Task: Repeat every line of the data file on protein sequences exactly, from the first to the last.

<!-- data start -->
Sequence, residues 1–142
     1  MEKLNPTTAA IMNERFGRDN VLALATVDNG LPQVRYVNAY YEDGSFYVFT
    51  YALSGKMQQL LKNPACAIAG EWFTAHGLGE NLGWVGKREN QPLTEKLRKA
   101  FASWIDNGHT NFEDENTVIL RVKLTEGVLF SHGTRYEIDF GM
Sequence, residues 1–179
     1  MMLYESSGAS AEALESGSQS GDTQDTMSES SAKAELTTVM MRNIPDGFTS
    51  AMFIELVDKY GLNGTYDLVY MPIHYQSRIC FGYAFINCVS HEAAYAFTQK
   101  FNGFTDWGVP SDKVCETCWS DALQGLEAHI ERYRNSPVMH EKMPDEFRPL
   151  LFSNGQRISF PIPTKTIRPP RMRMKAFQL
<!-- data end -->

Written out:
Sequence, residues 1–142
     1  MEKLNPTTAA IMNERFGRDN VLALATVDNG LPQVRYVNAY YEDGSFYVFT
    51  YALSGKMQQL LKNPACAIAG EWFTAHGLGE NLGWVGKREN QPLTEKLRKA
   101  FASWIDNGHT NFEDENTVIL RVKLTEGVLF SHGTRYEIDF GM
Sequence, residues 1–179
     1  MMLYESSGAS AEALESGSQS GDTQDTMSES SAKAELTTVM MRNIPDGFTS
    51  AMFIELVDKY GLNGTYDLVY MPIHYQSRIC FGYAFINCVS HEAAYAFTQK
   101  FNGFTDWGVP SDKVCETCWS DALQGLEAHI ERYRNSPVMH EKMPDEFRPL
   151  LFSNGQRISF PIPTKTIRPP RMRMKAFQL